This workshop will consist of pre-selected and participant-selected discussion of ‘keywords’ of relevance to DH and LGBTTIQ+ scholarship. Possible keywords include: access, activism, archives, classification & metadata, community engagement, cultural/social critique, encoding, gaming, intersectionality, methodology, pedagogy, programming, storytelling. The final portion of this workshop will be dedicated to designing a DHSI course on “Intersections of DH and LGBTTIQ+ Studies,” with particular emphasis on mixing discussion with hands-on, skill-based learning activities.

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Queer Game Studies collection hits shelves this March!

Ruberg Shaw Queer Game Studies cover

Queer Games Studies, the edited volume about LGBTQ issues and video games that Adrienne Shaw and I have been working on since 2013, is now almost here! The book will be out this March, 2017 from University of Minnesota Press.

In this “landmark anthology,” we bring together a wide range of perspectives from scholars, social commentators, and game-makers to open up dialogues around the relationship between queerness, games, and play. This is an exciting new area of research for game studies and queer studies alike (to learn more, check out Queer Game Studies 101), and we’re hoping that our book will help bring the discussion of LGBTQ issues and video games to new readers and new classrooms.

Queer Game Studies features work by:
Leigh Alexander, Gregory Bagnall, Hanna Brady, Mattie Brice, Derek Burrill, Edmond Chang, Naomi Clark, Katherine Cross, Aubrey Gabel, Christopher Goetz, Jack Halberstam, Todd Harper, Chelsea Howe, Larissa Hjorth, Jesper Juul, merritt kopas, Colleen Macklin, Amanda Phillips, Gabriela Richard, Toni Rocca, Bonnie Ruberg, Adrienne Shaw, Sarah Schoemann, Kathryn Bond Stockton, Zoya Street, Peter Wonica, Robert Yang, and Jordan Youngblood

Check it out and spread the word. And if you’re planning to attend the 2017 Queerness and Games Conference (4/1 & 4/2 at USC in LA), stop by our book release party!

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The 2017 Queerness and Games Conference is only three months away

QGCon 2017 logo 2It’s hard to believe, but there are now less than three months left until the 2017 Queerness and Games Conference (QGCon). After three years in Berkeley, QGCon is coming to Los Angeles for the first time this spring. The event will be at the University of Southern California, hosted by the Interactive Media and Games Division — my department! — on Saturday, 4/1 and Sunday, 4/2. Registration is now open. If you register early, you even get a super cute gift to show off your queer games pride.

Even though QGCon (more or less) only happens once a year, there are months of planning that go into each event. My amazing 2017 co-organizers and I have been meeting since late summer to put together all the pieces for this year. The schedule isn’t quite out yet, but we can say that we have an impressive lineup of speakers and sessions — more than ever before! We also have two great keynotes: T. L. Taylor from MIT on the academic side and John Epler from Bioware on the developer side.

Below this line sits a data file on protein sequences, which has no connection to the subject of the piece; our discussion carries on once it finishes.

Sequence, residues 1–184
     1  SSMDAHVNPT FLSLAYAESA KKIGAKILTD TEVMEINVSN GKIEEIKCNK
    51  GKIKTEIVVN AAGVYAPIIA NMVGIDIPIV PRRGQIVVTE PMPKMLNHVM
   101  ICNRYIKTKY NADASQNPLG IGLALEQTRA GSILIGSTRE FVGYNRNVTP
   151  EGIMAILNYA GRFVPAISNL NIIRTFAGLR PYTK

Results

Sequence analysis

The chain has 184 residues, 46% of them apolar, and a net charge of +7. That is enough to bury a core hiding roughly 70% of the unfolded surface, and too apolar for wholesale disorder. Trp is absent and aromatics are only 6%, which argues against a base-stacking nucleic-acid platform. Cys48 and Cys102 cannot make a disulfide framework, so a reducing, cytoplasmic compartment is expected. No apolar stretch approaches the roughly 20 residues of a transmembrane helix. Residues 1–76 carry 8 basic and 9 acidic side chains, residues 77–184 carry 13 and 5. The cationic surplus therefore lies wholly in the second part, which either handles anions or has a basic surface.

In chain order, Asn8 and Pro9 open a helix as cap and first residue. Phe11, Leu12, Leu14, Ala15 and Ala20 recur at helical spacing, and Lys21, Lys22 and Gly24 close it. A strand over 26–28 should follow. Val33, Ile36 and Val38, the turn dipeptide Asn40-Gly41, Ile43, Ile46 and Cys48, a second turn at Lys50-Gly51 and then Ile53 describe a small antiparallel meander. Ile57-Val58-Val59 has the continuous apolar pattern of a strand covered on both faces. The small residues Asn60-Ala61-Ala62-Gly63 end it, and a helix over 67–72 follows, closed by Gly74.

There’s so much more to do in the next three months… but, hey, in the meantime, tell your friends and get ready to have an amazing time at QGCon 2017!

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The draft of my book Playing Queer is complete!

For the past 10 weeks, I’ve been hard at work writing the full manuscript of my book Playing Queer: Sexuality, Gender, and Identity in Video Games beyond Representation. It’s now in the hands of my editors (woot!). Until the plan for publication is a little more official, I’m going to be superstitious and hold off on details — but it looks like it will land with a series and a press that I’m really excited about.

I feel like Playing Queer has been a long time coming, not just because queer game studies is a fast-emerging field, but because I’ve been learning, and thinking, and thinking, and learning about LGBTQ issues in video games for years, and once I began writing in earnest it all started pouring out. I’m so grateful to all the collaborators, co-organizers, and game-makers who have worked with me and helped me become the queer game studies scholar I am today.

Here’s a little taste from the introduction, to give you a sense of the claims I’m making. More updates coming soon, as Playing Queer chugs along through the academic publishing process…

Video games have always been queer. Even games that appear to have no LGBTQ content can be played queerly, and all games can be interpreted through queer lenses. This is because queerness in video games means more than the representation of LGBTQ characters or same-sex romance. Queerness and video games share a common ethos: the longing to imagine alternative ways of being and to make space within structures of power for resistance through play. From the origins of the medium, to the present day, and even reaching into the future, video game worlds have offered players the opportunity to explore queer experience, queer embodiment, queer affect, and queer desire—even when the non-heteronormative and counter-hegemonic implications of these games has been far from immediately obvious.

Through new critical perspectives, queerness can be discovered in video games, but it can also be brought to games through players, whose choices to engage with games on their own terms and for their own pleasures can profoundly transform the meaning of games and unleash their queer potential. In this way, queer play, like queer interpretation and queer game design, can be seen as a transformative practice that reframes and remakes games from the inside out. Amidst a games culture that has proven itself to be openly hostile to diversity, the politics of queer play echo outward across games communities, games history, the games industry, and into wide-reaching contemporary concerns around identity, marginalization, agency, and digital media.

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“Video Games and Queer Affect” panel at SCMS 2017